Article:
Homework practices vary widely among teachers. Some teachers make well planned assignments that combine learning and pleasure. Others use homework as a routine to provide students with drills on important activities. These wide variations stem from the teachers' different attitudes and opinions on homework. This research examines the perspectives of teachers, working in schools operating in Egypt whether Languagel or International, on homework. It compares the view points and practices of teachers working in Egyptian Language Schools to those of teachers working in International Schools located in Cairo. The research addresses the question: What are teachers' perspectives and practices of homework in schools, whether Language or International, within the upper elementary and middle school grades operating in Cairo, Egypt? This study analyzes quantitative data through a survey distributed to teachers working in Language and International Schools. The study findings indicate that teachers' opinions and practices of homework do not significantly vary in these settings. Homework has its own culture that affects teachers'perceptions and practices, regardless of the setting. The study concludes with a series of recommendations that would enable teachers to improve the quality of homework as well as help students be successful with it.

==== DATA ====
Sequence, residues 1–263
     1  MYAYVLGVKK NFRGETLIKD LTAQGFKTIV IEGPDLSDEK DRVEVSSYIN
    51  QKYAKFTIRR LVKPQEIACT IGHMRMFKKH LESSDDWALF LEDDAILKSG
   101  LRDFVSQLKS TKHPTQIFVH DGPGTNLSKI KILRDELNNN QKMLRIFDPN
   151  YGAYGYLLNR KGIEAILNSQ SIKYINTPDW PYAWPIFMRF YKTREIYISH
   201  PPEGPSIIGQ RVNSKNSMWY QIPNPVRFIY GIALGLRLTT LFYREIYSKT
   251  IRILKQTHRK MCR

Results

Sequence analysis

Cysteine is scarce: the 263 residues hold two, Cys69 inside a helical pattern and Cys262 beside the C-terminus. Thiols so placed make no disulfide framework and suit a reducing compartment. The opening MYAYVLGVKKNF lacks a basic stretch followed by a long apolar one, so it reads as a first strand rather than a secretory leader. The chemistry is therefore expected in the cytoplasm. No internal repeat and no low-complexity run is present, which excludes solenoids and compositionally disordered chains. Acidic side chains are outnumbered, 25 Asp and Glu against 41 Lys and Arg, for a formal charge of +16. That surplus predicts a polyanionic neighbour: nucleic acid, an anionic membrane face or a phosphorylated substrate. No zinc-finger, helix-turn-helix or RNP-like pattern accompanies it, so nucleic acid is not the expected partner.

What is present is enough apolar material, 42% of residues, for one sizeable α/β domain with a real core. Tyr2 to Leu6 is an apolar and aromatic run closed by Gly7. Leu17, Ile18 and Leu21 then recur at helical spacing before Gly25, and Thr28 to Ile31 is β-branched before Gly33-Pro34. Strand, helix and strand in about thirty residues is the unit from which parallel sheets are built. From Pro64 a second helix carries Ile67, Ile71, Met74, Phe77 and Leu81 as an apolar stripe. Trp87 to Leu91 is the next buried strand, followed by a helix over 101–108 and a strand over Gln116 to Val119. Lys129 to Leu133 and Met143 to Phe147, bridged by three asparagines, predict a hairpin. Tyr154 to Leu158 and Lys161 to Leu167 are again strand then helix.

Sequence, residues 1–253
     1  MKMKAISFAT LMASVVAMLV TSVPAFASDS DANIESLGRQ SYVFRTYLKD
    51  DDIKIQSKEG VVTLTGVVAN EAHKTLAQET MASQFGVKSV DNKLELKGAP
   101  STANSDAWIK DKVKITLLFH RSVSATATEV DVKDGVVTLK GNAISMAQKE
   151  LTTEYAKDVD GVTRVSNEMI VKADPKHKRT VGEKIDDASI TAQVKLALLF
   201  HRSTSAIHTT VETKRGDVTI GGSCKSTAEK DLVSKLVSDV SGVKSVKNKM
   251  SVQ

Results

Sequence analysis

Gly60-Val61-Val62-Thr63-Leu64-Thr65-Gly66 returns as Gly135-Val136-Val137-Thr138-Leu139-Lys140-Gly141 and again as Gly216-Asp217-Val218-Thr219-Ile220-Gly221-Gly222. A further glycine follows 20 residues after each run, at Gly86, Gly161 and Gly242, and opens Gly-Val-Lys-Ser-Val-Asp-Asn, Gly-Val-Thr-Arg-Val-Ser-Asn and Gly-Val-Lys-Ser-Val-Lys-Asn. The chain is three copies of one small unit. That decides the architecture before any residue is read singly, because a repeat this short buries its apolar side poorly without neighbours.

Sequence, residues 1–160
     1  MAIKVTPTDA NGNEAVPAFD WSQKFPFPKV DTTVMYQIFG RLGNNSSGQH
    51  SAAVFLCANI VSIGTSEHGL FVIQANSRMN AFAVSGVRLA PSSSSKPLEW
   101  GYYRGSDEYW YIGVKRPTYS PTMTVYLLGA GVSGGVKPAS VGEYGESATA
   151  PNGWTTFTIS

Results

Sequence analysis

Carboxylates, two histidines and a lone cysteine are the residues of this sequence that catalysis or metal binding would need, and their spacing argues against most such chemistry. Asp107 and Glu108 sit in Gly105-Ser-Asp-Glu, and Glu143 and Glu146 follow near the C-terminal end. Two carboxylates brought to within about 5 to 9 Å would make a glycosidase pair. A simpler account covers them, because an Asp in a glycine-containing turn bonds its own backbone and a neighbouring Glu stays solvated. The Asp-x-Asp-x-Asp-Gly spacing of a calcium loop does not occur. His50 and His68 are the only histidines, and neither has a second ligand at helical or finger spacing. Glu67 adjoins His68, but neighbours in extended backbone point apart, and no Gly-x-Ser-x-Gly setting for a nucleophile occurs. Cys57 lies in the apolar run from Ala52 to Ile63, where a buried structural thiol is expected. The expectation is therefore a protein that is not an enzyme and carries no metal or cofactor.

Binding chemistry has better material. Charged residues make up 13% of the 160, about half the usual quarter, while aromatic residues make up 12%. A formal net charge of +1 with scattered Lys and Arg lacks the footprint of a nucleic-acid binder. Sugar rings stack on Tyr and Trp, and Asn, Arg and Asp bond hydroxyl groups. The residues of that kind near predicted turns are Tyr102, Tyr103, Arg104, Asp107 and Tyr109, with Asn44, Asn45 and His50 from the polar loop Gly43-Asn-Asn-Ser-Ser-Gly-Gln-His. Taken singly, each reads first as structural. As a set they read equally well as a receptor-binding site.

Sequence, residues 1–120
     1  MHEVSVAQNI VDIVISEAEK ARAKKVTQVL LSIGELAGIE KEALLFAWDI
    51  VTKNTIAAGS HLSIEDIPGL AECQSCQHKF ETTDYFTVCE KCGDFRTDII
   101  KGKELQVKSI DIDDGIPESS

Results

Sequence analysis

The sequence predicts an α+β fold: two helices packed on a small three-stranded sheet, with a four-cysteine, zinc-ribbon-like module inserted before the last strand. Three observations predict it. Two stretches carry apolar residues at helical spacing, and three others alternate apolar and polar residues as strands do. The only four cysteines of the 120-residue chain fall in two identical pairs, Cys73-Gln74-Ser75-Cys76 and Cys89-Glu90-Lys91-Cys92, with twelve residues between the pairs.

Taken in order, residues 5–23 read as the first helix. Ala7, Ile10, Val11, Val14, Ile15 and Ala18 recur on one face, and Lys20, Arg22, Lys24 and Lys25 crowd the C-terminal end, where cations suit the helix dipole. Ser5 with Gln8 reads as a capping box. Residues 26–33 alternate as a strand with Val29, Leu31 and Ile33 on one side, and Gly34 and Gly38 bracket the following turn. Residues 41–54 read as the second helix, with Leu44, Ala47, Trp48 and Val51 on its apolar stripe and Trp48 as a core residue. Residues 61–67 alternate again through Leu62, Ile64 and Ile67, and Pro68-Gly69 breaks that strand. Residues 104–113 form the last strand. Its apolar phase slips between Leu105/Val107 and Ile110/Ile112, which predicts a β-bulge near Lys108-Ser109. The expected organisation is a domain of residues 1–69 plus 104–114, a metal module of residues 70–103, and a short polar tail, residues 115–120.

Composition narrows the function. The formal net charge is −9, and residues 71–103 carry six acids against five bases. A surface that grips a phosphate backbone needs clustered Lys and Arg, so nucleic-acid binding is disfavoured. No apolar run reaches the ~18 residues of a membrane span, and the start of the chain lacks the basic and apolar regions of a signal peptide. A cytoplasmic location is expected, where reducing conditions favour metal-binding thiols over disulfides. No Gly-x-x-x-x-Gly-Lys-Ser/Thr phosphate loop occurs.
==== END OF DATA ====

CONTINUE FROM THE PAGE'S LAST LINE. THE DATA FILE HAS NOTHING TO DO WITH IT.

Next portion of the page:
International & Comparative Education Department

Degree Name

MA in International & Comparative Education

Graduation Date

Spring 9-11-2012

Submission Date

January 2013

First Advisor

Norman, Peggy

Second Advisor


Third Advisor


Committee Member 1

Purinton, Ted

Committee Member 2

Rissmann-Joyce, Stacie

Committee Member 3



64 p.

Document Type

Master's Thesis


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